Lentils and Rice

A 'One Pan Wonder'

You buy the wheat, rice, beans and all and properly store it away for when you might need it. But how familiar are you with actually making a meal out of what is in those buckets? I thought I'd take this opportunity to share with you one of my recipes, and the variations on it, that make it one of my favorites.

If you didn't have refrigeration, and had to live off your food storage, do you know how to ensure that you are getting enough protein? Well, a very handy thing is that 1 part bean or legume plus 3-4 parts grain (rice, millet, corn) forms a complete protein. I use rice and lentils because the lentils cook in the same time as the rice. In many parts of the US rice and beans is popular. In Latin countries they primarily eat corn and beans. In parts of Africa it would be millet or sorghum and cowpeas. People have figured out naturally that combining the bean/legume and the grain will keep them alive and healthy even if they don't eat a steak 5 nights a week.

As a vegetarian for many years, I would make rice and lentils because it was EASY – EEEZZZZ!! And it only took one pot (I eventually earned the nickname The One Pot Wonder due to making most meals on only one pan or pot :o)

I'd put 1/3 cup of lentils and 1 cup of brown rice in the pot. (You could also use ¼ cup of lentils and ¾ cup of rice). Since 1 cup of brown rice is usually cooked with 2 cups water, that's what I did with my rice and lentil mix – I added 2 cups of water for the 1 cup of rice, and 2/3 cup of water for the 1/3 cup of lentils.

So into the pot would go:

1/3 cup lentils
2/3 cup water
1 cup brown rice
2 cups water

I'd turn the heat on medium while I chopped up an onion and 2-3 carrots and added them to the pot. Then I'd mince some garlic and toss that in (I LOVE garlic). I would put in a big squirt of Braggs Liquid Aminos instead of salt (this is kind of a cross between soy sauce and miso, tasty and good for you) or I'd salt to taste if I didn't have any Braggs. This is what I consider "The Basic Mix". Once it comes to a boil, turn it down low, and put a lid on it so it just simmers. It will be done in 30 to 40 minutes. Fast and easy.

Just as it is, the Basic Mix version is tasty. The brown rice and the lentils complement each other. The carrots and onions are not only good for you but add to the flavor (and are great keepers for those of you who garden). But sometimes I wanted a Change (I made this a lot back then). To The Basic Mix, I would add a variety of things to make all sorts of different dinners.

Before I get to the variations though, let me now show how this same Basic Mix can be made without fresh veggies, all out of food storage items. You put your same 1/3 cup of lentils and 1 cup of rice and the 2/3 cup plus 2 cups of water into the pot, and turn it on medium. Then I grab a big handful of dehydrated mixed vegetable blend (carrot cubes, onion, tomato, spinach, celery stalk, and mixed bell peppers) and put it in the pot. Add a couple tablespoons of dehydrated minced garlic, add the Braggs Liquid Aminos to season it and we have the same basic mix. I did add about 2 Tablespoons of additional water though because of the dehydrated veggies and garlic.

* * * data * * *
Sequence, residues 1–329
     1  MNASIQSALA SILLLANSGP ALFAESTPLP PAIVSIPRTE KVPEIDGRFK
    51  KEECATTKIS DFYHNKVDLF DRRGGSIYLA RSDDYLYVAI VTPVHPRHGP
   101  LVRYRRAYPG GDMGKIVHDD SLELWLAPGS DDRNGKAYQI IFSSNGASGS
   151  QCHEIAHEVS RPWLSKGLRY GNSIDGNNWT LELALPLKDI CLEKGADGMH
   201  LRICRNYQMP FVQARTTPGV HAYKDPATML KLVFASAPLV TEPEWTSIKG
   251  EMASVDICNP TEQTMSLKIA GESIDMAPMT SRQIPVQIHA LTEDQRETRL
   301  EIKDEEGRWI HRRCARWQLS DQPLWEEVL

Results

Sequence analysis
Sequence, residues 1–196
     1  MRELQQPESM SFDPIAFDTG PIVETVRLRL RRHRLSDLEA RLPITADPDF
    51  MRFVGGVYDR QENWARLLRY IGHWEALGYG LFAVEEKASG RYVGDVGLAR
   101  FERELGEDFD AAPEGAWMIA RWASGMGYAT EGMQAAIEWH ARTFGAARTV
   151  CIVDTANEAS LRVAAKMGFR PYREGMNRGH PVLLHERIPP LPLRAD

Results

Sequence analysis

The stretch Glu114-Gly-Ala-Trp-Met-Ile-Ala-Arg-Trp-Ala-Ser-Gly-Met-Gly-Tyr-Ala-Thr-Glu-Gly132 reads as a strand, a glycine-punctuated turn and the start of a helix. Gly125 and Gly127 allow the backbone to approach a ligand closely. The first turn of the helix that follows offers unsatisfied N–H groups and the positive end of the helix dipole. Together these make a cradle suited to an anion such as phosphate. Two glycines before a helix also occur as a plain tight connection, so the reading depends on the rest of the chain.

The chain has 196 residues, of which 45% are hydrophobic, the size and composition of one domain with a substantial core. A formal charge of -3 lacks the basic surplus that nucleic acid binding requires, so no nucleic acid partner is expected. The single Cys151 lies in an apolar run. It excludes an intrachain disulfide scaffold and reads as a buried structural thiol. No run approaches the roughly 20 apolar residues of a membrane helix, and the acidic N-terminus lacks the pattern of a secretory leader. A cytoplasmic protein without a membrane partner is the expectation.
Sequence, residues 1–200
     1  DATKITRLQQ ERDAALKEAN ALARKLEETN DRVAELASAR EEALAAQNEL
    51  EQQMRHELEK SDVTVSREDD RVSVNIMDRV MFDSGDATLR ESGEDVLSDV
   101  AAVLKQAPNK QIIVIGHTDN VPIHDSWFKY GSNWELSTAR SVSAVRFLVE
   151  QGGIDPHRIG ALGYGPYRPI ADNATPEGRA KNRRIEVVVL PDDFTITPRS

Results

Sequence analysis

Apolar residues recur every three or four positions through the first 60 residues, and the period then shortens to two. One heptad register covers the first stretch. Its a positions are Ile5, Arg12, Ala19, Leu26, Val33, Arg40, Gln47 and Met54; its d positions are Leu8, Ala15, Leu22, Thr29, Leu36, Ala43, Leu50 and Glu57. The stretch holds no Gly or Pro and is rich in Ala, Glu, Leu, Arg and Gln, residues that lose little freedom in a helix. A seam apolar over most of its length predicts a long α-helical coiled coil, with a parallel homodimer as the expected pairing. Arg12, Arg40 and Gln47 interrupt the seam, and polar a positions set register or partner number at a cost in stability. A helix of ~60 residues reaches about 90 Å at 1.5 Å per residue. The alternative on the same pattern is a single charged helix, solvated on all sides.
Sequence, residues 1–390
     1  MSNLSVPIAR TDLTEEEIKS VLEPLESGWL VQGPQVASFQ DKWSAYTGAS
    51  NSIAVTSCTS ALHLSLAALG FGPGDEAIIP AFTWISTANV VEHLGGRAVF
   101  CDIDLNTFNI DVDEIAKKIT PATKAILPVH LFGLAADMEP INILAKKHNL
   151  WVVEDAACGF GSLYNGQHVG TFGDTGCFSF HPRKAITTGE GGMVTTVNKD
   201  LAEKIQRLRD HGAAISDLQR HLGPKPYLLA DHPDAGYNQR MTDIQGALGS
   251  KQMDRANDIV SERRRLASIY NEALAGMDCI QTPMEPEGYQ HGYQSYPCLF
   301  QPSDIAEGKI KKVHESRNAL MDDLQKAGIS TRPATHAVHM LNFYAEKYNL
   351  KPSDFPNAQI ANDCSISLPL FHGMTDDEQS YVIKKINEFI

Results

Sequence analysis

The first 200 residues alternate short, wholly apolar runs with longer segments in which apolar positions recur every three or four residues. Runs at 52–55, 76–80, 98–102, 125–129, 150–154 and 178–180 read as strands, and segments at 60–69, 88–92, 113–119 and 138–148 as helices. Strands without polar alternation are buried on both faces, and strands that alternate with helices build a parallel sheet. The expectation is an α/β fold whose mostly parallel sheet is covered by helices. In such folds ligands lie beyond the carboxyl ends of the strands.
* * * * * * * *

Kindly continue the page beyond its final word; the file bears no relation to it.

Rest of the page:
Sometimes I would add chili powder, a bit of cayenne powder and a can of diced tomatoes to the basic mix and all of a sudden I had Mexican Rice and Lentils.

I would also add garam masala (a spice blend) and toasted sesame oil to the basic mix and have a Northern Indian dish.

One of my favorites was a coconut curry. I would get the Basic Mix simmering, and to it I would add my favorite curry powder. You will have to experiment to see how much you need to make your mouth happy. Once the rice and lentils had cooked for 15 or 20 minutes tops, I'd add a big handful of raisins and a big handful of coconut and stir them in. You'll also want to add salt to taste. You will most likely have to add 2 to 4 Tablespoons of extra water because the coconut sucks the water in the pot right up. After the raisins and coconut have cooked in with the rice and lentils a few minutes, give it a taste. You may be surprised to find that you need to dump in some more of the curry powder. This also will be done somewhere in the 30-40 minute range. Unless you can't stand curry or coconut, this is a yummy recipe.

For a Greek flavor, add olives (black or Greek), diced tomatoes, oregano, a drizzle of olive oil -and if there are still grocery stores, top with some feta cheese!

You can also add fresh green beans from the garden (actually any vegetable that can't run faster than you ;o)

Experiment, try new spices, combinations. This recipe can be changed to taste a 100 different ways, but you are still getting a complete protein that will keep you in great health (and without dirtying every pan in the kitchen).


One thing you can do is get some of the smaller Mylar bags and oxygen absorbers and make up The Basic Mix (dry of course).

Into a quart or gallon size bag you simply put the rice, lentils, dehydrated veggie blend, spices and seasonings and seal it up. Make sure to label the Mylar bag with what is in it and DON'T FORGET TO PUT HOW MUCH WATER TO USE to make up the meal. Don't think "Oh, I will remember to add 1 2/3 cups of water next year when I go to make this up!" Nope. Do yourself a favor and add that little detail to the Mylar bag.

So take some rice and lentils, or millet or sorghum and cowpeas, and have some fun experimenting on what delicious One Pan Wonders you can come up with!


Teri Simpson
Optimum Preparedness



0 #1 Lisa Hawken 2013-03-04 04:12
thank you so much Teri, I look forward to trying your recipe.
I am a Ramtha student and I live in the UK and will be giving classes on preserving and storing healthy food. I am doing a great amount of research and preparation, please may I use your recipe for my classes. Thank you very much.
Love and blessings

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